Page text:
At the same time, an angered Fahd, face to face with apparently irreconcilable opposition to the initiative, offered to withdraw it from consideration, the sources said, and Hassan intervened quickly to disband the conference rather than allow the peace proposals to die officially within the Arab League.
Hassan announced that Arab League foreign ministers will begin discussions soon with a view to reconvening the summit conference in a month or two. But several conference sources, including one who favors the Fahd plan, predicted the ministers' contacts will dribble away in the same discord that broke up the gathering of their leaders.
[In Cairo, meanwhile, the sudden breakup of the summit was regarded as a blow to Egyptian hopes for an early reconciliation with the Arab world, Washington Post correspondent David B. Ottaway reported. In an interview, Foreign Minister Kamal Hassan Ali said he did not expect such a reconcilation would be possible before the other Arab states agreed to recognize and negotiate with Israel as the Fahd plan envisaged.]
[He made clear once again that Egypt had no intention of abandoning its peace treaty with Israel or the autonomy talks to faciliate a rapprochement with the other Arab states.]
[Asked how he interpreted the summit failure to take any decision on the Fahd plan, Ali replied, "that means the hardliners are prevailing."]
As Moroccan workers today collected the crowd control barriers and took down the bunting that had lined the streets of Fez' European quarter, one key question was whether Saudi Arabia will vigorously pursue its attempts to enlist support for the plan or write it off as a bad experience.
The eight proposals, which Fahd labeled "principles for peace," include much of the traditional Arab position on Arab-Israeli peace and sum up large chunks of U.N. Resolution 242. They specify the need for creation of a Palestinian state in Gaza and the West Bank, with East Jerusalem as its capital, and reiterate the right of Palestinians to return to their homeland with compensation for those who choose not to.
The sticking point came in the seventh proposal: "Guarantees for the right of the states of the region to live in peace." This has been interpreted by many Arabs and Westerners -- and by Saudis in private -- as indirect recognition of Israel.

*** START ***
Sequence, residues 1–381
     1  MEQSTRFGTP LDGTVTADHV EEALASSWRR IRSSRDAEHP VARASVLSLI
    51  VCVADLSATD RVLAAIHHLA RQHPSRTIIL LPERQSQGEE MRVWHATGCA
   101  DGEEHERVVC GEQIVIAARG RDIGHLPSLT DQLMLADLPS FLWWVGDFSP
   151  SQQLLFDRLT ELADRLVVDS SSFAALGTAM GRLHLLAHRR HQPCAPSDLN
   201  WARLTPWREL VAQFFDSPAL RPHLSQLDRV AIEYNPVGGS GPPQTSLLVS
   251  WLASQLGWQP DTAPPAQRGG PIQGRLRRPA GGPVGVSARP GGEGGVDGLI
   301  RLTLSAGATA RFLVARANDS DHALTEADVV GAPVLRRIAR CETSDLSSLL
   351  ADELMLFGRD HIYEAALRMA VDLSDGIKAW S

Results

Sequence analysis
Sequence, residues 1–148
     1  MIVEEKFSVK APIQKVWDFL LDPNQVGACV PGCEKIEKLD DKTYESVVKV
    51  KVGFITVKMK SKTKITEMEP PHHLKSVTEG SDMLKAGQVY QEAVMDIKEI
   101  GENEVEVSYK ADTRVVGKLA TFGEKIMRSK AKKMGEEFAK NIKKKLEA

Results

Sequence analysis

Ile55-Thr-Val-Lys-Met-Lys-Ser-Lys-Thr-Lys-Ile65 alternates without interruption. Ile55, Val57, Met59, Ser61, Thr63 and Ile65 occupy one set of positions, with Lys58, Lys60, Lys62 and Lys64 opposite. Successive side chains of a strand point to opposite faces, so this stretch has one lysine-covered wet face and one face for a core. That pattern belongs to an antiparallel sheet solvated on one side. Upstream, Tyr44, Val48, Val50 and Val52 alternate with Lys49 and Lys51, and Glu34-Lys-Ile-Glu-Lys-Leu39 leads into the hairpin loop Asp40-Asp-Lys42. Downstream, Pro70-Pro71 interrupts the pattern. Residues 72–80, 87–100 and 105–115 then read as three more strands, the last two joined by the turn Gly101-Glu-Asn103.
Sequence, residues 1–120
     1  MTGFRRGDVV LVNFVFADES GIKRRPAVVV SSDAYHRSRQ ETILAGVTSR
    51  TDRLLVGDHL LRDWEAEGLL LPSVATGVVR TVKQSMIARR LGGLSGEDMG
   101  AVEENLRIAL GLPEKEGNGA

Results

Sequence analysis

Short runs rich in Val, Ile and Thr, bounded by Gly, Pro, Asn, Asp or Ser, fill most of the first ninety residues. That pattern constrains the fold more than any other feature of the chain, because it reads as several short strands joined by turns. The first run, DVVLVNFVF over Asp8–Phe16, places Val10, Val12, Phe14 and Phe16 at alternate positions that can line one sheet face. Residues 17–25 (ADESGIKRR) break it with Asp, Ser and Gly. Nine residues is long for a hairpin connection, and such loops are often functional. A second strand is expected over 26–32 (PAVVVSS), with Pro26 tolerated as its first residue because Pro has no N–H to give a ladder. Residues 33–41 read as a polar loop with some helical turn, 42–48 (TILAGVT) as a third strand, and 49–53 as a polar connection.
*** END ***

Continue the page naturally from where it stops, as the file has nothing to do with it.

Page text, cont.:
For Libya and Iraq, this amounted to a sell-out similar to that attributed to the late president Anwar Sadat of Egypt, who began the road that led to Camp David by recognizing Israel in Jerusalem in November 1977.
Reflecting this sentiment, the Libyan secretary in charge of foreign liaison -- in effect foreign minister -- Abdul Athi Bobidi said: "It would have been better if they had rejected it the Fahd plan outright."
Syria, according to Palestinian officials here, believes the implied recognition of Israel is unwise because it in effect gives up the Arabs' major strategic negotiating point without any guarantee of return concessions from Israel.
Reports from Riyadh, the Saudi capital, said Assad was demanding a major increase in Saudi aid in what he said was a necessary effort to finance military reinforcement to balance Syrian forces with those of Israel before making a gesture as outlined by Fahd.
Yasser Arafat, the PLO leader, steered his usual zig-zag course among Arab capitals, endorsing the Saudi plan in one place and hinting at criticism of it in another, trying to offend neither his Saudi bankrollers nor his Syrian military patrons.
"Our position is playing one end against the other," said an Arafat aide here.